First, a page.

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April Showers

Someone's Mom died last Thursday. As I did some random shopping that night, feeling good to be by myself buying milk and cheese, I saw flashing cherries and wondered who got hit this time. I went on with my night. I didn't want to be a ghoul.

Turns out, someone did get hit and die. Someone who works where I do, his ex-wife was jaywalking in a dark part of a very busy road and someone hit her. She had two young children, who thankfully still have their father and his girlfriend, a stable home.

Someone said at the wake, the little girl who is 7 or so kept saying, "Daddy, I want to go home now"

This April will mark 17 years since my mother died. My heart was breaking as I heard them talk. Because despite the time passed, the changes, the places, the person I was and now am, I still vividly remember being that tiny creature grabbing for my father's hand, hoping he'll hold me up, trying not to breath. Because I didn't want to take in any of the despair. Anymore would have drowned me.

April's are tough. What should be a glorious month of growth, of change and newness is instead forever cemented in my head as a rotten month. Not even my wedding anniversary changes that. While April 27 weighs in my mind so heavy, I have trouble remembering if I was married on April 16, 17 or 18. I can never remember. The Dorf becomes upset in a joking way about it, saying it's him that is supposed to forget. But how can something so seemingly small like my marriage compete with the day I lost my mother? But how can't I move past it.

Sometimes it's like I feel her, like I can see her around me, heavy in the air. I stop to wonder how much she'd love her grandkids, her granddaughters who likely wouldn't even be here if it wasn't for her dying. Funny the paths life can send you on sometimes. My father tells me he sees her in me, in subtle things, dirt swept into corners, threats that aren't threats I open chocolate chip cookies and start crying, smelling my mother in the butter and brown sugar. I so very much want her to be there, to see my daughters who are so much like me, and whose smiles I will kill to preserve. I wonder if she would be proud and happy for me, in my crap house, with the family I love so very, very much.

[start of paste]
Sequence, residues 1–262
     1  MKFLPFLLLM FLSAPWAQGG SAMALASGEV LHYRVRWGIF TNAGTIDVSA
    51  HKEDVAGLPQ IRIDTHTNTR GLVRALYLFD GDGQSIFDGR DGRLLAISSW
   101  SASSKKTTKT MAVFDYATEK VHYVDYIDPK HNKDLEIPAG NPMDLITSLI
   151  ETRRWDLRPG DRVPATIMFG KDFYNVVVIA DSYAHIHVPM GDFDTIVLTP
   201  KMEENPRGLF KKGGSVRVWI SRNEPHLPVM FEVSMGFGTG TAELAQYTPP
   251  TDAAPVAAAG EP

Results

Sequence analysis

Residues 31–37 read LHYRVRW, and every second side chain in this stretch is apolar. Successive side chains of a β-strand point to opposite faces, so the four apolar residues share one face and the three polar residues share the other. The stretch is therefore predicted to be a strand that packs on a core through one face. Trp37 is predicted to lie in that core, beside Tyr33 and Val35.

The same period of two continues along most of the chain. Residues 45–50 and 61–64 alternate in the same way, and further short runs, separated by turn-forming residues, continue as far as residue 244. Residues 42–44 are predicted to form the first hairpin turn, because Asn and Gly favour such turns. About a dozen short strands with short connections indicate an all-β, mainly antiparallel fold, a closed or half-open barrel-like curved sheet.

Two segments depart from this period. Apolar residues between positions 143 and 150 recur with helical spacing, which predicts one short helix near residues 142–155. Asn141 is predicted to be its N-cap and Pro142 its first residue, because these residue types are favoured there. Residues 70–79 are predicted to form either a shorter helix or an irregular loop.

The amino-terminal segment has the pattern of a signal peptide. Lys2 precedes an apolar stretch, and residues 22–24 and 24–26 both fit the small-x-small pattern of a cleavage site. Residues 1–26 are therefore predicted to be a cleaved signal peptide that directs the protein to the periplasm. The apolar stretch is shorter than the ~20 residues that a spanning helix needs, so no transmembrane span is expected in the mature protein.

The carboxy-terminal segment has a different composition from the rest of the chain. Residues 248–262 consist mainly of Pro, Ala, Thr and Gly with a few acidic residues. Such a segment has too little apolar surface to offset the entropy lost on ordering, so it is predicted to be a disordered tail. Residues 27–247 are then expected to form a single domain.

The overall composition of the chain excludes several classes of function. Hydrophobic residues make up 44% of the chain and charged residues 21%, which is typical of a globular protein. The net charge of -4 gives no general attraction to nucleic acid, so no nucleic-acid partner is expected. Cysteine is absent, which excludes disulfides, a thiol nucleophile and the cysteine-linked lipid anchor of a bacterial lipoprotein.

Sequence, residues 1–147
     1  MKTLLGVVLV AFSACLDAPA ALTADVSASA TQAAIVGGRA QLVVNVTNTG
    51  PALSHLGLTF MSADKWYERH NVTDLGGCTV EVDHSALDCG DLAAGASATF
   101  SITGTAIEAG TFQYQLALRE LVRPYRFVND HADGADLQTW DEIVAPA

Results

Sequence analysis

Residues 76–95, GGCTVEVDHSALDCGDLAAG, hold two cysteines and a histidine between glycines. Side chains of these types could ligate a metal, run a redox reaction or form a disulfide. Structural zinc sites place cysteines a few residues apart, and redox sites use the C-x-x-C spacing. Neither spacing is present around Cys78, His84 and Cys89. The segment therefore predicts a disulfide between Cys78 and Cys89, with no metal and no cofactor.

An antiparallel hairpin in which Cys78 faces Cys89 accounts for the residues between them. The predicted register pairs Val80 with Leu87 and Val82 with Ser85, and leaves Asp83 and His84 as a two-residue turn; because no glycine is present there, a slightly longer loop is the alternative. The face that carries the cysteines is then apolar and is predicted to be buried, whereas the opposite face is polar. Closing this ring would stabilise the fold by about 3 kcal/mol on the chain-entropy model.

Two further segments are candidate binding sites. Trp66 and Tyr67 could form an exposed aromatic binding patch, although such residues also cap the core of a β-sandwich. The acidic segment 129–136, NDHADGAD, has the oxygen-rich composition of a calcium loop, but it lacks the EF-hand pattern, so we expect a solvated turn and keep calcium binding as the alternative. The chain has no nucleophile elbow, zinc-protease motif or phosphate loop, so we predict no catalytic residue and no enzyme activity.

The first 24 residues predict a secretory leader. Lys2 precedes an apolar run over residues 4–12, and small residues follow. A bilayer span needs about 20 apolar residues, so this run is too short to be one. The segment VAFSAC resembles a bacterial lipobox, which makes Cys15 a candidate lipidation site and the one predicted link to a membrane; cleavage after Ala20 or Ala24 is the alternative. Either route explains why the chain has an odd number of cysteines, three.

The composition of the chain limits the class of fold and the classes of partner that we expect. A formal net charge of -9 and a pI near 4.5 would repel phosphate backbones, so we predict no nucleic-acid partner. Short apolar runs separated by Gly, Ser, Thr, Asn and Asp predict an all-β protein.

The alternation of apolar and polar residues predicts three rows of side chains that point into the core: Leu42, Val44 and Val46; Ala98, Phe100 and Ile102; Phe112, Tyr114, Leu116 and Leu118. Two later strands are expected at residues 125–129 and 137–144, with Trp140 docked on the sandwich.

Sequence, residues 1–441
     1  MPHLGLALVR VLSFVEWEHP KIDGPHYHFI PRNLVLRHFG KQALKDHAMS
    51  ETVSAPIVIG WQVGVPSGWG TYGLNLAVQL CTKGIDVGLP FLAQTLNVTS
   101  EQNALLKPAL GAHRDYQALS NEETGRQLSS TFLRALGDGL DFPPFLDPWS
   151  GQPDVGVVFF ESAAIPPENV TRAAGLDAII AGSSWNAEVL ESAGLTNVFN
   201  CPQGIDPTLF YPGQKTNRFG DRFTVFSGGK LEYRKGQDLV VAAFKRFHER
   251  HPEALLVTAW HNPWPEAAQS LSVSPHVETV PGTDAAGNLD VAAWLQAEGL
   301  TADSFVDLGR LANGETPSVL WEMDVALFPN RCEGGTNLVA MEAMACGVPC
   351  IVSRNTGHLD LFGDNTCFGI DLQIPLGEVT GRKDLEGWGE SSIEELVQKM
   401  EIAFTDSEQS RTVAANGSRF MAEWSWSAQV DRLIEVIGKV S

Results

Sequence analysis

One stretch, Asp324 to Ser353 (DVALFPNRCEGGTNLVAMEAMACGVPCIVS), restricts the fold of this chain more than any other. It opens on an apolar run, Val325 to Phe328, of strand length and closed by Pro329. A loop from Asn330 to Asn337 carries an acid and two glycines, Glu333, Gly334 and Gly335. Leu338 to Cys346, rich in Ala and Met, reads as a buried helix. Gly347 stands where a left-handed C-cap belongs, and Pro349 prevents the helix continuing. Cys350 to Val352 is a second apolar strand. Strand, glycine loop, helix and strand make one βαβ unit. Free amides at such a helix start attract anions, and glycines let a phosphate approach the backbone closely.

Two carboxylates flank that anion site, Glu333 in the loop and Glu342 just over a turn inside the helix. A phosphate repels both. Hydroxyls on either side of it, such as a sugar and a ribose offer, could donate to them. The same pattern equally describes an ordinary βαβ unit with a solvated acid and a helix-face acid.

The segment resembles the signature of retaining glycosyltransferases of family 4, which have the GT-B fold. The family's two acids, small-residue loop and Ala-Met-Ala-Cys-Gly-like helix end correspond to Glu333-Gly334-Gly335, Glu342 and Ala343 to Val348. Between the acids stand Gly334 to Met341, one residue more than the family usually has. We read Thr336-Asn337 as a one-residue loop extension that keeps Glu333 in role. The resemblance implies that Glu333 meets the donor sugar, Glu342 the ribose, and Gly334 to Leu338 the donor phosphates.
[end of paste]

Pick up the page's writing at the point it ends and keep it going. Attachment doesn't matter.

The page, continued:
April, more than anything, makes me realize how much I can grasp the moment, how easy it is for me to stand in the moment and just be. Because I never took the time when she was here. Because I have nothing left of her, save a few pictures, a rosary, and a broken heart. Because only now, as a parent, can I understand how truly awful, terrifying and suffocating it must have been when the doctors finally said "Let go. There's nothing more we can do. We can't save you." How did she ever look in my eyes and not just crumble a little inside? How did she muster the strength?

I want my mother whole again. I would sacrifice everything I've ever had to go back, and have my mother not die of breast cancer at 42. I would give everything to finish out Grade 6 like everyone else, to not have done my speeches on Cancer and hospitals and living day to day in a numb zone and having an ulcer at 12. I would give up everything to spend one last day with my mother, one last day to sit and talk and be ourselves, to remember her touch and her voice. I want to give everything to go back to that warm happy house that turned so damn cold after everything changed. After her clothes disappeared, after the cereal went stale and the last of the guilt food was thrown away.

I remember begging to be the one that died, back when I thought her god was real.

Daddy, can we go home now too?

How very similar we seem.

My mother died in April as well, this Friday it will have been 8 years ago (8 years?!?) I was barely 18. We waited for death to take her for so long, sadly, it seemed a relief for all of us when it came.

However, I think of her always, and marvel that she never saw me married, never knew my son, nor my wonderful husband who I just know she'd have loved for his patience and kindness and loyalty.